A third thing I prayed for, longed for and wrote before the election of this great Pope was that he should be the First Servant in the Church a la Nehru who said it first in relation to India and what is more I wished he be a Foot-washing minister par excellence like Jesus. And he shocked me out of my wits by washing the feet of even women and Muslims and drug addicts undergoing treatment among them. It looked God was just waiting there to answer much more than I prayed for.
Church as Field Hospital
If the opening question has unleashed such an outburst of stormy thought waves what would be the case when one deals with central questions on which Francis dwells, you may ask. One among them is Church’s pressing role today as a Field Hospital, whole of which is converted into an endless emergency ward on wheels doing the Red Cross work, saving first the mortally wounded, strewn all over after a bloody and brutal war. Just a brief reflection mostly in Pappa’s own words! Here “the church’s pastoral ministry cannot be obsessed with the transmission of a disjointed multitude of doctrines to be imposed insistently…We have to find a new balance; otherwise even the moral edifice of the church is likely to fall like a house of cards, losing the freshness and fragrance of the Gospel.” In saying this Pope Francis was answering a few questions he himself raised earlier: “What does the church need most at this historic moment? Do we need reforms? What are your wishes for the church in the coming years? What kind of church do you dream of?”
The need of the hour, he started off, was “ministers of the church must be ministers of mercy above all”, confessors who are neither “rigorist or too lax”, “a church that is a mother and shepherdess…, the good Samaritan, who washes, cleans and raises up his neighbour….. Ministers of the Gospel … who can warm the hearts of the people, who walk through the dark night with them, who know how to dialogue and to descend themselves into their people’s night, into the darkness, but without getting lost….. Religion has the right to express its opinion in the service of the people, but ….it is not possible to interfere spiritually in the life of a person.” What “the church needs most today are the ability to heal wounds and to warm the hearts of the faithful; it needs nearness, proximity. I see the church as a field hospital after battle. It is useless to ask a seriously injured person if he has high cholesterol and about the level of his blood sugars! You have to heal his wounds. Then we can talk about everything else. Heal the wounds, heal the wounds.... And you have to start from the ground up.”
Theologizing, a Passtime
Soldiers in battle fields must do and die while generals in their air conditioned cosy comfort can revel and relax. Yes when you have time, do sit and indulge in the pastime of theologizing: how many angels can stand on the sharp tip of a needle; which sins are venial, serious or mortal fit for a hell or a purgatory we have invented? The moot question here is not whether one approves of homosexuality, lesbianism, abortion, birth control, gay marriages, patriarchy, hierarchical and sexual inequalities and discrimination in church and society. We disapprove them all. All of them are various grades of wrongs and monstrosities to be condemned as varieties of wrongs -- call them sins if you wish-- but don’t condom those who do them as sinners. Condom sin but sinners are to be loved as God’s children with equal rights, nay with greater rights if you please, for those who cry like the publican in the temple or return home like the prodigal twisted and wasted.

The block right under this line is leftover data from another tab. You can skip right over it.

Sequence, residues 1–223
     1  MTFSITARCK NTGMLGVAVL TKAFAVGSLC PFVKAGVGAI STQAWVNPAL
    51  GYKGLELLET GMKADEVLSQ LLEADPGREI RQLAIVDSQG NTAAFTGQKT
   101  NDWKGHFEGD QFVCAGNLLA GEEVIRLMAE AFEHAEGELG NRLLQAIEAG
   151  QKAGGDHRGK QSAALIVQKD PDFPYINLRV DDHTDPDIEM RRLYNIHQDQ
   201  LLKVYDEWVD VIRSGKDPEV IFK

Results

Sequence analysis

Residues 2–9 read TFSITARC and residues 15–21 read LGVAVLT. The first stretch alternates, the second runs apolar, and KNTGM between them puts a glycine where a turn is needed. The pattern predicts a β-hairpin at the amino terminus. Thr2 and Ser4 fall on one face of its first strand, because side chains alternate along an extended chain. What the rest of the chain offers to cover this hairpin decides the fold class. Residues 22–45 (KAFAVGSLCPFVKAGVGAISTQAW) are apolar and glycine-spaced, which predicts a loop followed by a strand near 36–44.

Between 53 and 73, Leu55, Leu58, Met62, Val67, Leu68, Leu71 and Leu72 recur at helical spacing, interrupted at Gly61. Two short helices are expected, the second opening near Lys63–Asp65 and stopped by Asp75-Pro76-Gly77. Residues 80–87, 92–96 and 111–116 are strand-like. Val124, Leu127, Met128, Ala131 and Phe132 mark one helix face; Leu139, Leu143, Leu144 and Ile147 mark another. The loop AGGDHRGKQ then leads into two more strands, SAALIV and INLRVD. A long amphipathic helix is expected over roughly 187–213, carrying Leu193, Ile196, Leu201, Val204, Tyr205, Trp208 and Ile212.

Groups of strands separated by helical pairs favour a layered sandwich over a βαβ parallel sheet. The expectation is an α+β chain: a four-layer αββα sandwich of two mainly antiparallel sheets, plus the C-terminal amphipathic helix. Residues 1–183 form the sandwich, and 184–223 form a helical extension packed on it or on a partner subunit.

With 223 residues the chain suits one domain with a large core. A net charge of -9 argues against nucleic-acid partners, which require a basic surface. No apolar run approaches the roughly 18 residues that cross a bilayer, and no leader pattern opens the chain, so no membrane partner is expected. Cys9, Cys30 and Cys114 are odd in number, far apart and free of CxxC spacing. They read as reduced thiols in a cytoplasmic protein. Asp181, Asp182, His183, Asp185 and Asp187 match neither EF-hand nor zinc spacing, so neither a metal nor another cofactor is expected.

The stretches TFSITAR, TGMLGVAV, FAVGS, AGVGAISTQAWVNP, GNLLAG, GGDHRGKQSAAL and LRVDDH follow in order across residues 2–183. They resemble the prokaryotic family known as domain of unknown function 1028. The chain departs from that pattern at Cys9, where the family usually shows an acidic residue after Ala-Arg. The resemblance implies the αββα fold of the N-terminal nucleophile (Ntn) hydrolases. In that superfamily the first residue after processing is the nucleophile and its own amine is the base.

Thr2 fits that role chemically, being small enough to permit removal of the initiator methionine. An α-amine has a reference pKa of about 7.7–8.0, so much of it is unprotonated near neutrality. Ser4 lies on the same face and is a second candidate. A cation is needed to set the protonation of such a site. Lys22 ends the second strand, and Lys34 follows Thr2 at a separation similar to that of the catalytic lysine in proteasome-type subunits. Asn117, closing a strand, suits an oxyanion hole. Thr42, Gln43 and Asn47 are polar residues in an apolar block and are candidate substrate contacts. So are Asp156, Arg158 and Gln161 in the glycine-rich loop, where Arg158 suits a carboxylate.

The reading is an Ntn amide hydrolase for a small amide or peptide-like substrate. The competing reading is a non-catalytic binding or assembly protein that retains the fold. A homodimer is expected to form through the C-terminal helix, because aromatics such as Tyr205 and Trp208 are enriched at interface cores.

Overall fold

If there is a God whom we call LOVE, He can’t hate any one of his children, his creation. That is the meaning of: “your names are all written in the palm of my hands”; even if your “mother forgets you I will not forget you”; God wills Omnes homini salvus fieri (all humans to be saved); Dixit et facta sunt (what God says gets done instantly); for the God of our conception Velle et agree (wish and act) are not two chronological actions. God is perpetual action, so forget about a God busy trying to figure out whom to forgive or condemn. There exists and can exist only a heavenly Father with prodigal love. That is the meaning of Francis’ counter question: “tell me: when God looks at a gay person, does he endorse the existence of this person with love, or reject and condemn this person? We must always consider the person.” Offending and forgiving is between humans, not between humans and God. Hence the command to forgive not seven times but “seventy times seven” or “forgive them for they know not what they do”. Yes they didn’t know and therefore what sin was there to forgive, Chesterton asked. I don’t know what rational answer Jesus could have given him.
So we are back to square one: there is no sin in relation to God, only love which knows no bounds, love that embraces every one of his children, just or unjust in our sight only. In His sight all are just, but some able bodied, some disabled or differently abled and therefore more just deserving special love and care. So let us stop making our life here on earth a veritable hell, the only hell possible, by judging, accusing, condemning, killing and shedding blood like Cain and asking: “Am I my brother’s keeper?” You are! You must be your brother’s keeper! That is the key to turn this earthly hell into a HEAVEN God wants it to be, if there is a God!